The dynamic and ever-growing nature of privacy regulations and attack vectors related to privacy emphasises the importance for organisations to do a better job protecting data through technology design. Also known as, 'Privacy by Design' and 'Privacy by Default', the terms refer to the system engineering approach of integrating data procedures in technology to protect personal information.
Privacy by Design is a framework based on proactively embedding privacy practices into the entire product development process. By building Privacy into Design specifications from the onset, businesses are able to anticipate risks and prevent privacy-related issues, rather than retrofitting a system to address privacy issues as they arise. The concept calls for privacy to be taken into account throughout the entire engineering process.
What is Privacy by Design?
The 'Privacy by Design' framework is based on the following seven foundational principles:
Why should businesses implement Privacy by Design?
Businesses in the financial services sector should be implementing privacy by design to safeguard personal information, preserve brand reputation and comply with various privacy obligations. Within the financial services industry, strong data protection and privacy practices are essential to meet regulatory requirements and maintain consumer confidence. Organisations in the financial services sector are being exposed to increased internal scrutiny by their boards and externally by government regulators. In some cases, major organisations have been ordered to adopt Privacy by Design strategies following breaches of their privacy obligations to ensure best management of customer personal information.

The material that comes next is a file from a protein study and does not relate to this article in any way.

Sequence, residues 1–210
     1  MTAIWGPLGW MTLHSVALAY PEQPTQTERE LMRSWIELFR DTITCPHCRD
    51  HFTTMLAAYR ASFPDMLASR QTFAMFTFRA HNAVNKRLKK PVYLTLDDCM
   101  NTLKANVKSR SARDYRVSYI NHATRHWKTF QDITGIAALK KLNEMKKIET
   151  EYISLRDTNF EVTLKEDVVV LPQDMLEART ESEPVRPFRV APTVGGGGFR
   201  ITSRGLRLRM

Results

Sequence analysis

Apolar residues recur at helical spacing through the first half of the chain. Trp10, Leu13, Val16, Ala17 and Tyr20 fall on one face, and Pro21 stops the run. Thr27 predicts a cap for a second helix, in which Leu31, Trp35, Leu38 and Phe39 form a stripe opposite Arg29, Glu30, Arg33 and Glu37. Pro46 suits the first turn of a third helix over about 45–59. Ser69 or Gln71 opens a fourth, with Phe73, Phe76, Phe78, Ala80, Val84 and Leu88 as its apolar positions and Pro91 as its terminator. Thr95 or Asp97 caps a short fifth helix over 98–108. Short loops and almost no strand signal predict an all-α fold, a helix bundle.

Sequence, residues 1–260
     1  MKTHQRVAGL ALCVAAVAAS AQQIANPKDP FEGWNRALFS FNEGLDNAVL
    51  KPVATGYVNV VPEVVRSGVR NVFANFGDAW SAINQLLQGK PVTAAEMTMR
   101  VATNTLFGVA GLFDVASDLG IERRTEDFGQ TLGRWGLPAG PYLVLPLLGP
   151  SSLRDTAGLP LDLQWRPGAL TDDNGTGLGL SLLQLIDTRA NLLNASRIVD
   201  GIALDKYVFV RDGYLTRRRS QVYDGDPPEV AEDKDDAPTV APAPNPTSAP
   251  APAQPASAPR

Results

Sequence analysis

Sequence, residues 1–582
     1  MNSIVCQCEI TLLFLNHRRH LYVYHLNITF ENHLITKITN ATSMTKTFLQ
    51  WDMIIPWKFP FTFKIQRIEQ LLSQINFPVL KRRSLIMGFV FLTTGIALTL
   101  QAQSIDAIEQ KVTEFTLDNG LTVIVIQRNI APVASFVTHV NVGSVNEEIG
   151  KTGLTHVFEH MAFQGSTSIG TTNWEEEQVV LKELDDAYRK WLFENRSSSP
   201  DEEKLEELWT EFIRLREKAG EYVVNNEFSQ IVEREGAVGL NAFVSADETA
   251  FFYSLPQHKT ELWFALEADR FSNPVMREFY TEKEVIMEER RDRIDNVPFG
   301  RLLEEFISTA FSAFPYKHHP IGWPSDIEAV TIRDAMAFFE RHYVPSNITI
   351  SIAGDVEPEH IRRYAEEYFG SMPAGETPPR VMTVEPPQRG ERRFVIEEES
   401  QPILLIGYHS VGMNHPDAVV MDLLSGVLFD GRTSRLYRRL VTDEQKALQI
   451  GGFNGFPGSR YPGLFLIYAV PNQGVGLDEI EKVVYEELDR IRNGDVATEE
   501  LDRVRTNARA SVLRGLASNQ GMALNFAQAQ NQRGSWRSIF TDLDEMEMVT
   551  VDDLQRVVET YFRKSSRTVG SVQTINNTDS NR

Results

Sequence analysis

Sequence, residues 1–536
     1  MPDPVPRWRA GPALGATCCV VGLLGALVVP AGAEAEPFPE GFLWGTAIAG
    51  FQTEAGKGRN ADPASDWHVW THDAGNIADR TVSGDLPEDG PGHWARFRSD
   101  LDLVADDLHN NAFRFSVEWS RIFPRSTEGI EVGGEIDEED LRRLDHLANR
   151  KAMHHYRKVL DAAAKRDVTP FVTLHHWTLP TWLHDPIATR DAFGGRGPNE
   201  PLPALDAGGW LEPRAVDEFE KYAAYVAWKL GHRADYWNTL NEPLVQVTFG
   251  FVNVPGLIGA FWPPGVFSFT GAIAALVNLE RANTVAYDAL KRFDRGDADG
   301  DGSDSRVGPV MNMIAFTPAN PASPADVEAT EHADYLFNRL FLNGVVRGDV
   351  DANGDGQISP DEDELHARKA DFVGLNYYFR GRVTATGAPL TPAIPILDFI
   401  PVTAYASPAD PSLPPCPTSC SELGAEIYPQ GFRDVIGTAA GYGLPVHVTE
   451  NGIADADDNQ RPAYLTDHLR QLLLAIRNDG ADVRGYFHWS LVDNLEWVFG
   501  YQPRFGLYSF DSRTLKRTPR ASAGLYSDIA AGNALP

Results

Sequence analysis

Putting pure compliance concerns aside, implementing Privacy by Design is also likely to have better user outcomes – with the 'user experience' being built from the ground up so it is seamless, rather than having to be retrofitted in a manner which is more clunky and obvious. Customers and clients, including sophisticated corporates, are also more likely to buy-in to your new solution if they can see that privacy is at the core of your design, rather than an after-thought.
How can businesses implement Privacy by Design?
The protection of privacy can be effectively maintained where Privacy by Design practices are implemented at an early stage. This involves embedding a new culture and shifting a mindset that prioritises privacy at the heart of all new systems or processes being designed.
As a first step, businesses should complete a privacy impact assessment (PIA) which involves a systematic assessment to determine the impact of a project on the privacy of individuals, and outlines recommendations for managing, minimising or eliminating those impacts.
Rather than waiting until a solution is nearly ready to launch (and approaching legal/compliance as a final check), it is important for each PIA to be conducted at any early stage, comprehensively consider privacy risks and mitigation strategies, to evolve with a project and anticipate risks that may arise, incorporate feedback from stakeholders and map how personal information is handled. Businesses should then designate a team who will be responsible for overseeing and enforcing the outcomes of the PIA.